Zelda Breath of the Wild: My Favorite Game of 2017
When Horizon Zero Dawn came out I felt bad for Zelda. How could Zelda live up to the masterpiece that is Horizon? What a shame that these games were coming out just a few days apart, right? Well yes, but it turned out that not only was Breath of the Wild above to best Horizon for my game of the year, it also elevated itself to being one of my absolute favorite video games of all time.
This highest compliment I can pay to this game is that there was a moment where the game almost brought me to tears, which is something almost no game has ever done to me before. No, not because of some story beat that tugged at the heart strings, but because it hit me all at once just how stunningly good this game is. I was “shield boarding” down a giant hill, jumping off a cliff, and hang-gliding to the nest place that looked interesting and it just hit me hard. A game has to be a special type of awesome to illicit that reaction from me.
There were worries before its launch that this would be an open world with nothing to do, but nothing could be further from the truth. This version of Hyrule is rich and teeming with life and opportunities for adventure. With the single exception of Just Cause 2, I have never had so much fun with an open world. There’s simply so much to do, and I never felt bored in this world.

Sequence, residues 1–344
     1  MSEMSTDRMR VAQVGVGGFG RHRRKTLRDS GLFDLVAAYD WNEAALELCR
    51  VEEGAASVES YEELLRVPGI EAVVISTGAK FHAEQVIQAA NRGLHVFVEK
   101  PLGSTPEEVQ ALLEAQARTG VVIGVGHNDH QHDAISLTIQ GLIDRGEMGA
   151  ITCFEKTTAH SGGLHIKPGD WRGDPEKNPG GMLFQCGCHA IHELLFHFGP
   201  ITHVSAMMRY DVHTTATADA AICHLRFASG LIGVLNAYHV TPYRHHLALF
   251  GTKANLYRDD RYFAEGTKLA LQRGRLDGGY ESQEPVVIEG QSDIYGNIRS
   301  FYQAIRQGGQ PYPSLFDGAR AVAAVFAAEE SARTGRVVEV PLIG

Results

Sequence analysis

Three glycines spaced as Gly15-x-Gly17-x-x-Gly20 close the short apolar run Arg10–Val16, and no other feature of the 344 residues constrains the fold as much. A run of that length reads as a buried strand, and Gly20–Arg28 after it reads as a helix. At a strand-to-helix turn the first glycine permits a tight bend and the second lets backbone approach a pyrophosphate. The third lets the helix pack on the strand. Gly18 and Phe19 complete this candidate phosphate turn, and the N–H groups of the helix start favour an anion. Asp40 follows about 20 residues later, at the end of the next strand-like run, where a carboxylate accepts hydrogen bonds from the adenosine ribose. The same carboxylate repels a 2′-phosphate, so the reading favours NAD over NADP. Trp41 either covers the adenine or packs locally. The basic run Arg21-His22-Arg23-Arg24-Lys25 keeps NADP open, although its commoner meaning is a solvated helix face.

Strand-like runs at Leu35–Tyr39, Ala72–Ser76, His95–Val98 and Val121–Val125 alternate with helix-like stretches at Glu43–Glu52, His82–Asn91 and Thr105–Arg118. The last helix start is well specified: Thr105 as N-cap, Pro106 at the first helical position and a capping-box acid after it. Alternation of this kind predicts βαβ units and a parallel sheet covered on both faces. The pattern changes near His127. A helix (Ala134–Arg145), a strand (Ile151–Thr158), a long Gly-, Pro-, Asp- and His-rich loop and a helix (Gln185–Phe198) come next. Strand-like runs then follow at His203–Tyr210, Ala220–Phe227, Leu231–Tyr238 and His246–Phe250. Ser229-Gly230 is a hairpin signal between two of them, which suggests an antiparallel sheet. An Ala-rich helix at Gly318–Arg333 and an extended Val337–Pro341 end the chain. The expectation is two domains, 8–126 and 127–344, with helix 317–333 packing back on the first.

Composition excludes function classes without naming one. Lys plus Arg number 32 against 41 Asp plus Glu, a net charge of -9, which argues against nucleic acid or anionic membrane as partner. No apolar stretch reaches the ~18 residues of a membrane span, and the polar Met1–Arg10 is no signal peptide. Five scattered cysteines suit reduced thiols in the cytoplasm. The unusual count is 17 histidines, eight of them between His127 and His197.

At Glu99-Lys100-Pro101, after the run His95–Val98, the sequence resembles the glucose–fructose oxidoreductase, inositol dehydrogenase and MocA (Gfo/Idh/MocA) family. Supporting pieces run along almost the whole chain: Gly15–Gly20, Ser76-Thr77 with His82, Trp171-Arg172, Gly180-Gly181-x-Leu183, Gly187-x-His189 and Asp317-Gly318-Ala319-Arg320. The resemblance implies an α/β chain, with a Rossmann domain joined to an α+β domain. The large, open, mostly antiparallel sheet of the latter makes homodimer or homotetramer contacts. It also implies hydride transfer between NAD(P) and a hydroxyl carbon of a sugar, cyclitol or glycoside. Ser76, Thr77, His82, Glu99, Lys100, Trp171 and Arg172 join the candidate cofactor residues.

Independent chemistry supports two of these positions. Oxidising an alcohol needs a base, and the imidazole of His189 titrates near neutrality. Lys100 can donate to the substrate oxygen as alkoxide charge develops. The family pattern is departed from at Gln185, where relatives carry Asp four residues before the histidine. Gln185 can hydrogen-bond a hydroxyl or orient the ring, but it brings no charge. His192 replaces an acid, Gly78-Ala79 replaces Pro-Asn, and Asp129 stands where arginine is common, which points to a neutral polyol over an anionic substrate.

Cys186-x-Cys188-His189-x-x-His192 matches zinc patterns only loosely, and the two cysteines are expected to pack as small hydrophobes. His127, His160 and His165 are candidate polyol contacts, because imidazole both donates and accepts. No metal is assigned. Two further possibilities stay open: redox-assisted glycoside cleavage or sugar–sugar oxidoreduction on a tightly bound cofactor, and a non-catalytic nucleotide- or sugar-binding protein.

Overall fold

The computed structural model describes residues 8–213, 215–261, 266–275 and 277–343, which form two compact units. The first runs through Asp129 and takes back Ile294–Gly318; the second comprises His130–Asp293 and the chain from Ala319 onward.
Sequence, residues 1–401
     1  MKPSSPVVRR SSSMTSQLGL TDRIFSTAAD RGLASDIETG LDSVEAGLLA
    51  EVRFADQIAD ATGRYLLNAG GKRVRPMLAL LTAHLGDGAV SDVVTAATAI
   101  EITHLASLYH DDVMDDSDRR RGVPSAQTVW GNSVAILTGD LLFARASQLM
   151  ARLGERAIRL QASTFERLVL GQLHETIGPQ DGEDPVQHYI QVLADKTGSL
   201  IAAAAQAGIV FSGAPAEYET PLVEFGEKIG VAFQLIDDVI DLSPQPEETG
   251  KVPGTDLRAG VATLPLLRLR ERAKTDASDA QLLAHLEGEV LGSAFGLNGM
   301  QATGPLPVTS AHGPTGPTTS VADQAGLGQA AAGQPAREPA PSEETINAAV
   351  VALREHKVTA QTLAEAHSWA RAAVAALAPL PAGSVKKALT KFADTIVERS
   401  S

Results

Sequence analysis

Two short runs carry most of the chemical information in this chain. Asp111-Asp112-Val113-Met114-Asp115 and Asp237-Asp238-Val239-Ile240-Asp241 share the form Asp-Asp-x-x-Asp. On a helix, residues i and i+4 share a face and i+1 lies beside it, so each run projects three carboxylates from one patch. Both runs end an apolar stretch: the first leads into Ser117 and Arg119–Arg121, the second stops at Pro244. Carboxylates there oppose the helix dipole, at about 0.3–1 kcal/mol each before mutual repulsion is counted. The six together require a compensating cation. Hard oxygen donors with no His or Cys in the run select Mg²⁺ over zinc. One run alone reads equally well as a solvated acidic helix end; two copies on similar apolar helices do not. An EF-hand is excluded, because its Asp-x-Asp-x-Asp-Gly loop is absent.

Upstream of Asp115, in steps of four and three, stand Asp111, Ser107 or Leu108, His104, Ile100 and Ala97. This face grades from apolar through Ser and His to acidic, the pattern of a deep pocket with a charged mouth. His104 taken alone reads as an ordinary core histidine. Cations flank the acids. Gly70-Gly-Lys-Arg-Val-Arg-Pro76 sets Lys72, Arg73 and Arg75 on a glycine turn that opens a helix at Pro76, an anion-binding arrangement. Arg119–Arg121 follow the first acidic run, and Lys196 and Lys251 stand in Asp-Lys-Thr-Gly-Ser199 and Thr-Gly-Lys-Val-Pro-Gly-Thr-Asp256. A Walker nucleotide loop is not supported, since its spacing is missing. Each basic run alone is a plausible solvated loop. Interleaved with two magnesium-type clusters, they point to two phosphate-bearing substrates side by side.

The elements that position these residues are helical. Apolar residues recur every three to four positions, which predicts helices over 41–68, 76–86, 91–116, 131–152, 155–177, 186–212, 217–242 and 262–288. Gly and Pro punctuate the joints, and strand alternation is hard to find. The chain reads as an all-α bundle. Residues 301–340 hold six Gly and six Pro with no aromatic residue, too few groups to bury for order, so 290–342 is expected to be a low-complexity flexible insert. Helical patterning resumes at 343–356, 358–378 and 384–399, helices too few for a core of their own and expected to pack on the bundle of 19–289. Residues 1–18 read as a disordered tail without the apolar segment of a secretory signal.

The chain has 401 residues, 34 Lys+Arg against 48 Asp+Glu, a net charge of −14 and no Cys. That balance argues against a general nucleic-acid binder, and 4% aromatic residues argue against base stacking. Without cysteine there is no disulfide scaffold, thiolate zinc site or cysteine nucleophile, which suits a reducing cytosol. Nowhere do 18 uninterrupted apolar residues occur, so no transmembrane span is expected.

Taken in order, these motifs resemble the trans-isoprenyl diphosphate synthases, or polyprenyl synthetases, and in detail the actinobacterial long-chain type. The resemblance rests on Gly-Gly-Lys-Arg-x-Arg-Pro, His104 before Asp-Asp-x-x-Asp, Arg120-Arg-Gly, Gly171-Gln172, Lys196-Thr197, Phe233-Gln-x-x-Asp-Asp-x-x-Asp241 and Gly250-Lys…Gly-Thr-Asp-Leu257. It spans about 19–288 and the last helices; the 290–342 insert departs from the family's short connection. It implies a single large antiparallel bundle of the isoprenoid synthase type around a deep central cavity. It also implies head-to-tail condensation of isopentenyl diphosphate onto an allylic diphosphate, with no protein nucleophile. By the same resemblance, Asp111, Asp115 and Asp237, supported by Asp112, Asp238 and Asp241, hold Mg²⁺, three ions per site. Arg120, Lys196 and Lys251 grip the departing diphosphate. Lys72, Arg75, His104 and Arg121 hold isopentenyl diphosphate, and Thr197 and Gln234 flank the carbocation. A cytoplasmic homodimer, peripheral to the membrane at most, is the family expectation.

Adding to that feeling of exploration, you begin this game feeling very weak, and that a lot of out there could kill you if you’re not careful. But as the game goes on, you gain powers and strength that make you less vulnerable and you start to feel empowered. There’s something very satisfying about terrifyingly scaling Death Mountain early in the game, only to return to it later in hours later and feel like you can just walk in the front door (or glide in, more likely).
This is not a traditional Zelda game, and I know that put a number of people off a little, but for me it is simply another aspect of the game that makes me love it oh so much. No, there are not dungeons like there are in other Zelda games, but the 120 shrines scratched that itch for me. Yes, the way weapons are handled means you never get to become too comfortable with one sport or bow for too long before it’s broken, but the game smartly makes sure you get new, better weapons constantly, which made this much more tolerable for me. I appreciate this new take on Zelda, and I think it was a bold move for Nintendo to move the franchise this far away from it’s traditional trappings. This still makes me feel like Zelda games have always made me feel, but the way it gets me there is in new ways, and that’s exciting.
As of this writing, I have owned the game for 7 months, have put almost 90 hours into it, and still have not beaten it. Ganon lives, but I’ll get to him sometime over this Christmas break.
Breath of the Wild is available for Switch and Wii U.